Some cable manufacturers try to compensate for this differential lagging in a cable by adding an electrical network (for example, by using a load coil), but the damage has already been done. Once the low level information in the signal has been smeared, it is lost and cannot be recovered.
The Matched Propagation Solution
Since the so-called 'charge propagation velocity' of the dielectric can never equal the speed of electrical changes in the conductors, George Cardas' ingenious solution with Cardas Clear cables is to slow the conductor to match the rate of the dielectric.
In a concentrically stranded conductor with individually coated strands (such as the constant "Q" conductor used in Cardas cables) the vector velocity and decay time of the conductor can be matched to that of the dielectric by controlling the lay length progression (twists per inch or TPI) of successive strand layers.
A matched propagation velocity conductor of this type, as used in Cardas Clear cables, mitigates the effects of capacitance much as a load coils do, but it does this continuously in the cable rather than at intervals. Eliminating the time delay between storage elements in the cable itself eliminates the bandwidth and dynamic range limitation seen in periodically loaded cables.
A Huge Dynamic Range of Resolution
Clear has a constant transfer characteristic, exponentially lower resonance, and a huge dynamic range of resolution. Its Matched Propagation Conductors maintain low level information and natural transients in a way that no other cable can. It does not exaggerate the leading edge of the signals or smear low-level information as conventional conductors do. Clear maintains the overall time signature of the original sound elements making it easier to pick out what George Cardas calls "the head in the choir or the emotion in the individual voice."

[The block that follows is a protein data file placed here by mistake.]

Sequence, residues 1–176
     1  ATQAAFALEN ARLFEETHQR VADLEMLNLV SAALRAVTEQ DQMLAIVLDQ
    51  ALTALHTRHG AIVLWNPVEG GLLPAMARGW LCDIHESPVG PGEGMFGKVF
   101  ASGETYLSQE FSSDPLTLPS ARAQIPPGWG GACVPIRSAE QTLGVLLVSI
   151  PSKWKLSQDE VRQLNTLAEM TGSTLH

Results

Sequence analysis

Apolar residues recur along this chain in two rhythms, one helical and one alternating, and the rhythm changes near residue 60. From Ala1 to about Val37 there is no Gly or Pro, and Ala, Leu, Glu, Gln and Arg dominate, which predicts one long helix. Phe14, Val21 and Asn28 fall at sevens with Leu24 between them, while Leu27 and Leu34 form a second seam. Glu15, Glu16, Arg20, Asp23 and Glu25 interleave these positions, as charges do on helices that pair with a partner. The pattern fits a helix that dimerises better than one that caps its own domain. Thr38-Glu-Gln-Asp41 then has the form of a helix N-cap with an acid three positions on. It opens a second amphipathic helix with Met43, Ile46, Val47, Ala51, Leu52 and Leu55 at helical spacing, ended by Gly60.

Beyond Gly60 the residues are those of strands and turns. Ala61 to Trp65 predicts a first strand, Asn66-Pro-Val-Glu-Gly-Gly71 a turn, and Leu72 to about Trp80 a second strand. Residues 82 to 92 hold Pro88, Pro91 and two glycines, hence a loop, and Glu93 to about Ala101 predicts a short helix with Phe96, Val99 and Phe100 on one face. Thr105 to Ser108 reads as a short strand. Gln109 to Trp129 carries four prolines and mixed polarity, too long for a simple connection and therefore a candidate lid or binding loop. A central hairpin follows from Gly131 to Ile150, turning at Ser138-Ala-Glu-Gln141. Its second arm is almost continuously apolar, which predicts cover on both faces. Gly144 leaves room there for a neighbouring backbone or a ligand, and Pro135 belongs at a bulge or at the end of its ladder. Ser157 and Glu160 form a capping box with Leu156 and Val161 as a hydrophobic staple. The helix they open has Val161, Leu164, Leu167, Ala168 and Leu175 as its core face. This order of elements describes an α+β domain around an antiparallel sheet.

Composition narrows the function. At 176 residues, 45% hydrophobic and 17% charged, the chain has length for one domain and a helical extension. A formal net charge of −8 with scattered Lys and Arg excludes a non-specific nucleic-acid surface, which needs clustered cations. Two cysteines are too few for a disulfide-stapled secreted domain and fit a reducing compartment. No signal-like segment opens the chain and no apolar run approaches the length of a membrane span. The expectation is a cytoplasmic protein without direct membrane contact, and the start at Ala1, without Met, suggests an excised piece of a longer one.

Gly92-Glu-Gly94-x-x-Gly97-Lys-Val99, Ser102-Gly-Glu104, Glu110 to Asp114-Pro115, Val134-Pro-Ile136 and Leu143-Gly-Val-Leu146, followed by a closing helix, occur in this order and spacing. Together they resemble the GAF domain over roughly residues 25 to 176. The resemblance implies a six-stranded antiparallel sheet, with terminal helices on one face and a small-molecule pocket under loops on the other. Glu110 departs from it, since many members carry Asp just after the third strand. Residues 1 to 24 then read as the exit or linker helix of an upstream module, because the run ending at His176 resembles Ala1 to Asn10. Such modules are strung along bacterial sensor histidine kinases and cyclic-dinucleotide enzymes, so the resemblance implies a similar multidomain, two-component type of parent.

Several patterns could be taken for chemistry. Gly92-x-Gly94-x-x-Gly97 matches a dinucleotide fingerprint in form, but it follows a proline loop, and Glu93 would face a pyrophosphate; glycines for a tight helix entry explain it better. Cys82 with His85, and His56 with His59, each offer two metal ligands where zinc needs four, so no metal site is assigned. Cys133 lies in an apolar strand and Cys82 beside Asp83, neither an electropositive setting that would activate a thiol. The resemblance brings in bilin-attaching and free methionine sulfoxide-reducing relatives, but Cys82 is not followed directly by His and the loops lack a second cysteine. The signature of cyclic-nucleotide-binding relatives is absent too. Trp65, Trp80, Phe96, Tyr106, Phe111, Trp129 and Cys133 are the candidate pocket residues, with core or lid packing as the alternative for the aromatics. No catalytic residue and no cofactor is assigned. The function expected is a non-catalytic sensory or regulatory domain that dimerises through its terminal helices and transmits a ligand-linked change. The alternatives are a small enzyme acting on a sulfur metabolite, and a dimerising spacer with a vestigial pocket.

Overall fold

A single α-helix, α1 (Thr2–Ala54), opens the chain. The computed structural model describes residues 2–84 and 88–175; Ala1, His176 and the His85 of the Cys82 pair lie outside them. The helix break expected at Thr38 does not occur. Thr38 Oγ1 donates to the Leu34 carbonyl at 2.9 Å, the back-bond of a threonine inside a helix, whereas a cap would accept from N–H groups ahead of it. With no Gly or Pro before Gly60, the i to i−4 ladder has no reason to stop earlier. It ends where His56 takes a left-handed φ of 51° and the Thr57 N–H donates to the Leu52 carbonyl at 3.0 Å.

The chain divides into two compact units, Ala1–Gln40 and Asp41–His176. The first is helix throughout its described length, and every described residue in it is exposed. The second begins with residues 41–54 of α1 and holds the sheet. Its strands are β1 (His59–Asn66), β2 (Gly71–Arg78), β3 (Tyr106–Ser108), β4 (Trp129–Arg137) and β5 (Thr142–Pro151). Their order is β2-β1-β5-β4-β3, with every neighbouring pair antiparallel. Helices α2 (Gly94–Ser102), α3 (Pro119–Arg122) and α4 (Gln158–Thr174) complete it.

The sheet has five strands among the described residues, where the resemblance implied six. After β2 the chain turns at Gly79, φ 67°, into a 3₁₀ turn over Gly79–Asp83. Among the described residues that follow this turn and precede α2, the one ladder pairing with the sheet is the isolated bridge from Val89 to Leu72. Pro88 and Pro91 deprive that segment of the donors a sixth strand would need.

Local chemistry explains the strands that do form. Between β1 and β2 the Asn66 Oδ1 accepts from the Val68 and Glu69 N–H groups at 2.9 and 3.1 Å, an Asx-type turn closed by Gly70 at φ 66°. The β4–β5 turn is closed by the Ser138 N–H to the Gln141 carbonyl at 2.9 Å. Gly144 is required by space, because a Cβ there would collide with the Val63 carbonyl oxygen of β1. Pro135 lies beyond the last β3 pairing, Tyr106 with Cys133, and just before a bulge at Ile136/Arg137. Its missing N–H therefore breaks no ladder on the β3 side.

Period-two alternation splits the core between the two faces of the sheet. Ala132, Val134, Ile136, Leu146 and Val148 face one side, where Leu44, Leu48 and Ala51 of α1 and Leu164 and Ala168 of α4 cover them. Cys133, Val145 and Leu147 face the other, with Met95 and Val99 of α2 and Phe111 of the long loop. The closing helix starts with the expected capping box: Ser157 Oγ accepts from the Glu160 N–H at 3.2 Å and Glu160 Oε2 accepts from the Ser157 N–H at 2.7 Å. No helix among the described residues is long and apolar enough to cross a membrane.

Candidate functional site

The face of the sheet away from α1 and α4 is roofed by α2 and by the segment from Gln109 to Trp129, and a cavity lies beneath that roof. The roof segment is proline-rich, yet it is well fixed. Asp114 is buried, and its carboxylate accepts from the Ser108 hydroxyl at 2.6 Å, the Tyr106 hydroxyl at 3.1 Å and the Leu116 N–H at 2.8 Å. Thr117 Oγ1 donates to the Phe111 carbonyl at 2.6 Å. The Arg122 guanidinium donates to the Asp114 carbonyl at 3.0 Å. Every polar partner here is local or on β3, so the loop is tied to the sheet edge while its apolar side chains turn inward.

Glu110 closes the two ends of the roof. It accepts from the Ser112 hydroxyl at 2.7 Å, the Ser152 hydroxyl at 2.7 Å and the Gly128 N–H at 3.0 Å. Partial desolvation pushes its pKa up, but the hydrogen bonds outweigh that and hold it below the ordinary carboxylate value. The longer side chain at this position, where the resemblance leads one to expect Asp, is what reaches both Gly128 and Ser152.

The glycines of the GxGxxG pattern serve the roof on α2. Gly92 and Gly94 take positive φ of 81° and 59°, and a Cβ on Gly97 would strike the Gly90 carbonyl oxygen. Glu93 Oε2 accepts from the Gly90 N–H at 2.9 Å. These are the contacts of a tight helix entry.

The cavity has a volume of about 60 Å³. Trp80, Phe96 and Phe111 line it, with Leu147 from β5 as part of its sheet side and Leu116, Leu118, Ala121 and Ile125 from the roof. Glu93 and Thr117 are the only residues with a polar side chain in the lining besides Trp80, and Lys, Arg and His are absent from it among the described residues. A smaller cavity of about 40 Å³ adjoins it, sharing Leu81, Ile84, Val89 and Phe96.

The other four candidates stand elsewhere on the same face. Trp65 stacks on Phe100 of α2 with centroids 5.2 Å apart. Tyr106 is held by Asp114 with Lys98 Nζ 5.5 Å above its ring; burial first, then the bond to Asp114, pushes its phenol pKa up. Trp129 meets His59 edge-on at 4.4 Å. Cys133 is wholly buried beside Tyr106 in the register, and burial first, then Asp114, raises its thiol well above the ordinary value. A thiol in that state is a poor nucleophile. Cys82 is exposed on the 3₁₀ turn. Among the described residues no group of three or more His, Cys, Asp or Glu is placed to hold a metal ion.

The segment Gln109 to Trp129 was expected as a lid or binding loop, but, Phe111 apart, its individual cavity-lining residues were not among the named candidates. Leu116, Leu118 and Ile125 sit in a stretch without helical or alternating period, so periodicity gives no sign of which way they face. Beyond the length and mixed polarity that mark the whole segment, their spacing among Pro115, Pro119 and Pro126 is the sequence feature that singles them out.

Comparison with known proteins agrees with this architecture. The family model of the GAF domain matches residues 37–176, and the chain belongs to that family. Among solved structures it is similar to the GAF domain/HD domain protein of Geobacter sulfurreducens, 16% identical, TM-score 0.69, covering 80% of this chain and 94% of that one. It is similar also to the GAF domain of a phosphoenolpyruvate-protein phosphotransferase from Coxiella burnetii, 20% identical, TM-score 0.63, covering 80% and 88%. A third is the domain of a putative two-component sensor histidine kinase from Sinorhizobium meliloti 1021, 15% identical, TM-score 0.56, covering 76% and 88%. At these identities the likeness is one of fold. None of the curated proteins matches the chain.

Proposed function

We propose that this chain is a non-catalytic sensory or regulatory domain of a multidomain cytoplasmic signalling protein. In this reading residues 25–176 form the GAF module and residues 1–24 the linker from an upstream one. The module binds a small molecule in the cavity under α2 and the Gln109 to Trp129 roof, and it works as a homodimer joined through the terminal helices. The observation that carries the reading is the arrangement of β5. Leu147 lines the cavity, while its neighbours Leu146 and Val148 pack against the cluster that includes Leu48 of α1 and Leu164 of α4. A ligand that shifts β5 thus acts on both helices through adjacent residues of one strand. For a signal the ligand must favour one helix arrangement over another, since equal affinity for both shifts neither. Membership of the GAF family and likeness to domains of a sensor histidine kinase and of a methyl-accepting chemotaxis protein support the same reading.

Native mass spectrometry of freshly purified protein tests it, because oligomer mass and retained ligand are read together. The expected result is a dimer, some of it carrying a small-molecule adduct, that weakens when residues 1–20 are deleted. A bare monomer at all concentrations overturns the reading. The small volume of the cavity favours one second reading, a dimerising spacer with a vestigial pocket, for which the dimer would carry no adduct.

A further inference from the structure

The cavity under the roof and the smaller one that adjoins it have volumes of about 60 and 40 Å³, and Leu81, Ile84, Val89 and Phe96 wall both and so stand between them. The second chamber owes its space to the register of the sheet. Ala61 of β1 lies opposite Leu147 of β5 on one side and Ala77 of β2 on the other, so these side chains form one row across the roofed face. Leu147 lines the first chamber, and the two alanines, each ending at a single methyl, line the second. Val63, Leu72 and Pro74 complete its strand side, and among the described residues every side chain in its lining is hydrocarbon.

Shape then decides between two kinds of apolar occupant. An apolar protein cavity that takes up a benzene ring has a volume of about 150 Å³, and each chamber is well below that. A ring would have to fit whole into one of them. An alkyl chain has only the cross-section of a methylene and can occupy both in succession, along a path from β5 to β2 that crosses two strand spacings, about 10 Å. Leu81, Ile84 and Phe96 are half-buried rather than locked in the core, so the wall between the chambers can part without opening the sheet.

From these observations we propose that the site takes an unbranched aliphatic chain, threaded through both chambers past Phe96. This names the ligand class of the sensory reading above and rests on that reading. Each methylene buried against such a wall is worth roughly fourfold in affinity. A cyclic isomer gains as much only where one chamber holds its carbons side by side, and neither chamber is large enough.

The insights and technology in all the Cardas Clear cables brings a new level of clarity and realism to your listening experience.
Signal Propagation in a Cable
The signal in a cable is propagated two ways: electrostatically and electromagnetically. At high impedances, problems are predominantly related to electrostatics through the transfer of charge in the dielectric. As we've seen, George's matched propagation conductor resolves that issue.
At low impedances, the situation changes. The signal is also transferred as current, because you need current to do work such as moving speaker drivers. So here the magnetic fields are the analogous issue.
Interconnects vs. Speaker Cables
Because interconnect cables flow very little current, the 'magnetic shadow' from their magnetic field is tiny compared to their 'electrostatic shadow.'
Speaker cable problems tend to fall in both worlds, though. That's because the impedance circuit can run from as little as 2 ohms or less in a loudspeaker to as much as 1000 ohms or more in a headphone.
How the magnetic fields interact with their surroundings is affected by the geometry of the cable. This is where Cardas Clear's constant "Q" conductors and Perfect Mirror Quadaxial (an application of Matched Propagation Technology) construction come into play.
As George explains it, "Perfect Mirror Quadaxial construction nulls the magnetic field of the cable from the perspective of the universe that surrounds the cable, so that the shadow of the cable's electromagnetic activity is not reflected in the signal."
Nulling the effect of the magnetic field removes one more cause of distortion from the musical signal. Combined with their groundbreaking elimination of differential lagging in a cable, Cardas Clear's constant "Q" conductors and Perfect Mirror Quadaxial construction create a cable that is breathtakingly clear, as the name suggests -- a cable that will let the full potential of your source material and system shine through.